Graffiti – vandalism or acceptable street art?

April 05, 2012, 11:43 AM UTC

Does graffiti symbolise a neighbourhood in decline, or should it be seen as valuable art? Join Labs panellists in the great graffiti debate

Graffiti ‒ an act of vandalism and a sign of a neighbourhood in decline?

Some would agree, but increasingly, this view is being challenged by the growing prominence of ‘street artists’ who create graffiti that many people would consider to be valuable works art.

Just last week, a collection of works by British graffiti artist Banksy sold for more than £400,000 at an auction in London, and graffiti stencils by the Russian street artist ‘Pavel 183’ have also sold for hundreds of thousands of pounds.

On the other hand, the usual perception of graffiti as a 'problem' persists: English Heritage reported recently that around 70,000 listed buildings are estimated to have been damaged in 2011 ‒ from, they cited, a combination of graffiti, urination and metal theft.

What are your views on graffiti? We asked Labs participants to have their say on the issue

Responses tended to represent one of two general opinions: panellists either felt that graffiti was largely an act of vandalism regardless of its type, or felt that in some situations, it can be acceptable and even seen as art. The responses we received made it clear that it is the content, style and message of the graffiti that matters.

Many people also suggested setting up designated areas to keep graffiti under control, while a few participants proposed new penalties for graffiti that is unmistakeably anti-social.  

What do you think about graffiti? Join the debate by using Disqus below

Here's what our poll participants had to say...

1. All graffiti is vandalism

Argument 1: It makes an area look run-down

“It makes our country look untidy and not well keptSusie B, Newcastle upon Tyne

“Graffiti makes an area look run-down and uncared for, somewhere where you would not like to shop or liveAnon

“Even when done well, which is very rarely, it looks awful. It makes an area look run-down; if these people are so keen on doing it they should do so on their own homesRosie S, Staffordshire

“It makes some areas look like war zones and the authorities should be more keen to remove it” Peter F, Surrey

Argument 2 - It is illegal

Painting on someone else's/public property is illegal. Graffiti is an expression by individuals who lack a sense of personal ownership” Anon

“It is done illegally. People think they can just do what they like and get away with itJulia F, Bicester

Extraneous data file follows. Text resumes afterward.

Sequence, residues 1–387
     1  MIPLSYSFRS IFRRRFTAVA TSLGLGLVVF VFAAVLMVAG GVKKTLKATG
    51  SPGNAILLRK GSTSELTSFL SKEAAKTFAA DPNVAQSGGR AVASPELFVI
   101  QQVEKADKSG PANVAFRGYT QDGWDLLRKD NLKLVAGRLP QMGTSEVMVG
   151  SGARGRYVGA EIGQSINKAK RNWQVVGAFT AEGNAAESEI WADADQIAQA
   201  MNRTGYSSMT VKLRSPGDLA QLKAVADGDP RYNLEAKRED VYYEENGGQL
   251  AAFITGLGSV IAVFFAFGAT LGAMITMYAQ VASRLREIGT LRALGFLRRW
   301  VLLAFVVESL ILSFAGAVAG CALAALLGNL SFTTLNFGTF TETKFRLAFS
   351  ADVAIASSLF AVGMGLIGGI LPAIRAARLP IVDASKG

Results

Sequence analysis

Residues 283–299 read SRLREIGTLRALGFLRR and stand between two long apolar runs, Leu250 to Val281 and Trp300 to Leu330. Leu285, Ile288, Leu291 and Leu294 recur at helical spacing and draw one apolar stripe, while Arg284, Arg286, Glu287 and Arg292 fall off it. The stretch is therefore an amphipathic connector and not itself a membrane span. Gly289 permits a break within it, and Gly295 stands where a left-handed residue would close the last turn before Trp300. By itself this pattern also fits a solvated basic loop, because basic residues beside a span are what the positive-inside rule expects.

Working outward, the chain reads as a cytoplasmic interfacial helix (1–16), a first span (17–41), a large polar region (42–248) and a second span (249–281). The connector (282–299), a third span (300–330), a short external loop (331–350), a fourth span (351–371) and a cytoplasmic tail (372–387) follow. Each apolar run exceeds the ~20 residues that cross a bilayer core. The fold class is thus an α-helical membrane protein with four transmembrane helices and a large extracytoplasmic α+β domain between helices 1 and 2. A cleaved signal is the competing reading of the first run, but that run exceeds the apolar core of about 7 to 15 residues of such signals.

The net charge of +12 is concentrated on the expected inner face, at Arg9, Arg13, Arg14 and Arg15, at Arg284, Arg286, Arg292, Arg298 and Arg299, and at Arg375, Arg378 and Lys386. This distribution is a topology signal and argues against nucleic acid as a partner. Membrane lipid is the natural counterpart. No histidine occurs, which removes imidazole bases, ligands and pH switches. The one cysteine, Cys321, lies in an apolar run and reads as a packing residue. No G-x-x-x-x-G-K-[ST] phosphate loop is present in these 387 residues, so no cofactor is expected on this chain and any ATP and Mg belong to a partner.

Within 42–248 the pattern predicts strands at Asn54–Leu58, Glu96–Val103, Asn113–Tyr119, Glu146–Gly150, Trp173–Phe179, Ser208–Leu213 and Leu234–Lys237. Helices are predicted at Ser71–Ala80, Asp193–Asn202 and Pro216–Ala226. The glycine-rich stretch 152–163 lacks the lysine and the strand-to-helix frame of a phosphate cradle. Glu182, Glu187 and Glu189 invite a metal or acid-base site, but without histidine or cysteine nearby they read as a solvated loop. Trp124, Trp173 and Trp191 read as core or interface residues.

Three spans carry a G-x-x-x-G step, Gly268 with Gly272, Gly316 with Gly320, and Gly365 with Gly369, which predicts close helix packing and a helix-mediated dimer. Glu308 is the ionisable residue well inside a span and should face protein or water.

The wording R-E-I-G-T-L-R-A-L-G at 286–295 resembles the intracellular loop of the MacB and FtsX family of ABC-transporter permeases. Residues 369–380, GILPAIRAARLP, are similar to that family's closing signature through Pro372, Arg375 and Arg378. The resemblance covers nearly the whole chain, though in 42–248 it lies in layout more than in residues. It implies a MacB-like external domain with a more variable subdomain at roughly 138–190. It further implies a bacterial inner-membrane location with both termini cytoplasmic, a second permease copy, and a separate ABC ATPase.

“No one has the right to deface public or private propertyBob E, Shropshire

“Disfigures the object(s) on which it is placed. It is criminal damageAnon

Argument 3 - Others have to clean it up

“It invariably costs people, private companies and local authorities money to removeWayne, Hertfordshire

“I have suffered from tagging on my property. There is very little art to it that I can see and it is expensive to clear upAnon

“It's mostly ugly and unsightly and damages someone’s property - plus the tax payer has to pay to clean it upAnon

“Costs taxpayers money to clear and gives a bad image to places. Usually the person causing the graffiti is not a tax payer so they contribute nothing!Aidan, Cornwall

 

2. Some graffiti is acceptable

Argument 1 - It can be artistic and improve the look of the area

“Very occasionally, graffiti can be a mini work of art which brightens up an otherwise boring wallAnon

 “Graffiti that is art, like well-drawn pictures that enhance a buildings plain wall is acceptable. If it is used to disguise an ugly piece of architecture or an eyesore is certainly going to enhance the areaMikki T, Scotland

“An artist that has made use of a run-down building to create their art is in fact using his/her environment to its full potential. It is giving the building of neglect a new purposeAnon

Sometimes graffiti is used to paint murals in connection with youth club work etc. and helps cover untidy areas. This can brighten up the village or town” Anon

Argument 2 - It can be good, dependent on context

 “Graffiti artists are talented so I enjoy looking at their work when it's in a place where people can appreciate it and it looks good rather than someone just spraying the bus stop as they go by” Anon

It needs the right context and surroundings to earn respect in its own right, and not be seen as vandalism” Anon

 “I think there needs to be a distinction between street art and graffiti or tagging. Street art can enliven drab areas of housing or the urban environment” Anon

'Good' graffiti is art and can be enjoyed publicly. ‘Bad' graffiti is a picture of a phallus or a simple scribble, swear words or a pointless and usually misspelled note” Adam L, Lancashire

Argument 3 - It can carry an important message

“I can tolerate graffiti that has a sense of humour or irony and expresses a comment about societyAnon

“I think it can be an important form or artistic expression, often for socially excluded groups. I also think it can give young people a voice” Anon

Some graffiti can be very powerful, and a worthwhile means of self-expression” Anon

“I think it is a way for people to make their feelings clear - often people who feel that society is not listening to their vocal complaints” Mrs S, Northamptonshire

 

 

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